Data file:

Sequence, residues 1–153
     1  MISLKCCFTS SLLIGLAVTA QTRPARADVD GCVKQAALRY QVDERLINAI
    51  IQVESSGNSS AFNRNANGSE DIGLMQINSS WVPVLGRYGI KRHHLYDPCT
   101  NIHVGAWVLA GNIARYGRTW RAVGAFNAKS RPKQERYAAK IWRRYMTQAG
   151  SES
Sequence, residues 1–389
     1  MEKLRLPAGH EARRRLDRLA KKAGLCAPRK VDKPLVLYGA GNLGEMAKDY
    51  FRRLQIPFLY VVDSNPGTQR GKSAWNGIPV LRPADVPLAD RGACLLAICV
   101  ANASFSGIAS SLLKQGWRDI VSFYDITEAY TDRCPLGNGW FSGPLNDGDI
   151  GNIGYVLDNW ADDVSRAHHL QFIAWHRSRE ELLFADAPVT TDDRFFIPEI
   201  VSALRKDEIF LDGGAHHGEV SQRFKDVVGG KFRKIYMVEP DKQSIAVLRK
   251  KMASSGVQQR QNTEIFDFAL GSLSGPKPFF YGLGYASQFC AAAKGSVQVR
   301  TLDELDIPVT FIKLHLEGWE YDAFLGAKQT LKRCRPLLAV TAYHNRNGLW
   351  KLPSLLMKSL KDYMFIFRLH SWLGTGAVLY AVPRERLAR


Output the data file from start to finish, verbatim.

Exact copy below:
Sequence, residues 1–153
     1  MISLKCCFTS SLLIGLAVTA QTRPARADVD GCVKQAALRY QVDERLINAI
    51  IQVESSGNSS AFNRNANGSE DIGLMQINSS WVPVLGRYGI KRHHLYDPCT
   101  NIHVGAWVLA GNIARYGRTW RAVGAFNAKS RPKQERYAAK IWRRYMTQAG
   151  SES
Sequence, residues 1–389
     1  MEKLRLPAGH EARRRLDRLA KKAGLCAPRK VDKPLVLYGA GNLGEMAKDY
    51  FRRLQIPFLY VVDSNPGTQR GKSAWNGIPV LRPADVPLAD RGACLLAICV
   101  ANASFSGIAS SLLKQGWRDI VSFYDITEAY TDRCPLGNGW FSGPLNDGDI
   151  GNIGYVLDNW ADDVSRAHHL QFIAWHRSRE ELLFADAPVT TDDRFFIPEI
   201  VSALRKDEIF LDGGAHHGEV SQRFKDVVGG KFRKIYMVEP DKQSIAVLRK
   251  KMASSGVQQR QNTEIFDFAL GSLSGPKPFF YGLGYASQFC AAAKGSVQVR
   301  TLDELDIPVT FIKLHLEGWE YDAFLGAKQT LKRCRPLLAV TAYHNRNGLW
   351  KLPSLLMKSL KDYMFIFRLH SWLGTGAVLY AVPRERLAR